There are a couple of minigames added in, such as rebuilding an old camera with parts you find scattered about, making tea, and training a fat hamster back into shape. Completing each minigame rewards you with, yet again, more puzzles, as well as other smallish rewards. For instance, if you help your hamster get into tip-top shape, he’ll sniff out hint coins for you on occasion and point them out. Finishing the camera nets you the ability to turn some areas into “find the differences” puzzles and unlock… yep, more puzzles.

Diabolical Box is a satisfyingly long game, rounding out at about 16 or 17 hours, mixing well the telling of its story with all of its puzzles. Layton makes use of its full-motion video again, rewarding you with several cutscenes and keeping itself a cut above most other puzzle games; the voice acting and stylized, exaggerated characters make it a storybook brought to life. The only real downside is the background music, which is catchy at first, but soon becomes a bit repetitive and irritating. After all, there’s only so much accordion a man can take.


Professor Layton and the Diabolical Box brings the same variety of logic puzzles, story and exploration as the game before it, making a unique experience for all ages, and a real treat for any fan of puzzles. Cutscenes and voice acting will hold your interest in the story and leave you wanting more. Luckily, the end of the credits teases at another sequel, so there’s plenty more to come for the professor and his apprentice.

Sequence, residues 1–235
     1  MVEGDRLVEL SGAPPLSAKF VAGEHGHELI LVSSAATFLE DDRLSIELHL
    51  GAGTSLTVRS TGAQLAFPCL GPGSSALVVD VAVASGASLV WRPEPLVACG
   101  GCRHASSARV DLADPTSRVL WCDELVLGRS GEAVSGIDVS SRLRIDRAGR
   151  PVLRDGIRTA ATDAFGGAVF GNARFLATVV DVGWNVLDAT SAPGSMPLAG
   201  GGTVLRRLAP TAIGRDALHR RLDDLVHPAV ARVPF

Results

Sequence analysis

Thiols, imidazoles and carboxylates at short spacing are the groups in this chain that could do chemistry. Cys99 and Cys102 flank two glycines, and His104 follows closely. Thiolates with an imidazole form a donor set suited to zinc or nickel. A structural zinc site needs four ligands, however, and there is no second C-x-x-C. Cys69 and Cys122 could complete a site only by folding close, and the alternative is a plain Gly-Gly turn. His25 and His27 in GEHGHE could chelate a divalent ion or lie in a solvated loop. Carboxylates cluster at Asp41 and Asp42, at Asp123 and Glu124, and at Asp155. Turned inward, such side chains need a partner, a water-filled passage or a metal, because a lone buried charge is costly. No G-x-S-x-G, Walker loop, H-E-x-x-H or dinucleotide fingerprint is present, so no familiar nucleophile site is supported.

Things We Liked: The compelling story and sheer variety of puzzles. Simple controls. Full-motion video and voice acting. Charming characters and settings; what would a mystery be without a bumbling inspector and a luxury train ride?

Things We Disliked: Repetitive background music. Entering and reentering areas to try and trigger events (ARE YOU THIRSTY YET?!) Some recycled puzzles.

Target Audience: Fans of puzzles and brain-training games. DS owners of all ages. Anyone with a love for point-and-click adventure games.

(Professor Layton and the Diabolical Box – Available on Nintendo DS. Buy it Now at New to CFD!’s reviews? Read our explanation here.)


  1. I’m currently playing through this, and I love it. It doesn’t stray from the original’s formula, but that’s just fine really. Who plays these games for anything other than the puzzles?

  2. It seems like the same as the first game. Though I’m anxious to unravel the story piece by piece, it was so shocking and exciting the first time around. It’s always really intricate. Can’t believe you beat it already! Are you SURE you didn’t use Gamefaqs? ;D

  3. TripOpt55

    I really want to get this, but I’m going to have to hold off at the moment. Sounds good though as I liked the original. Nice review.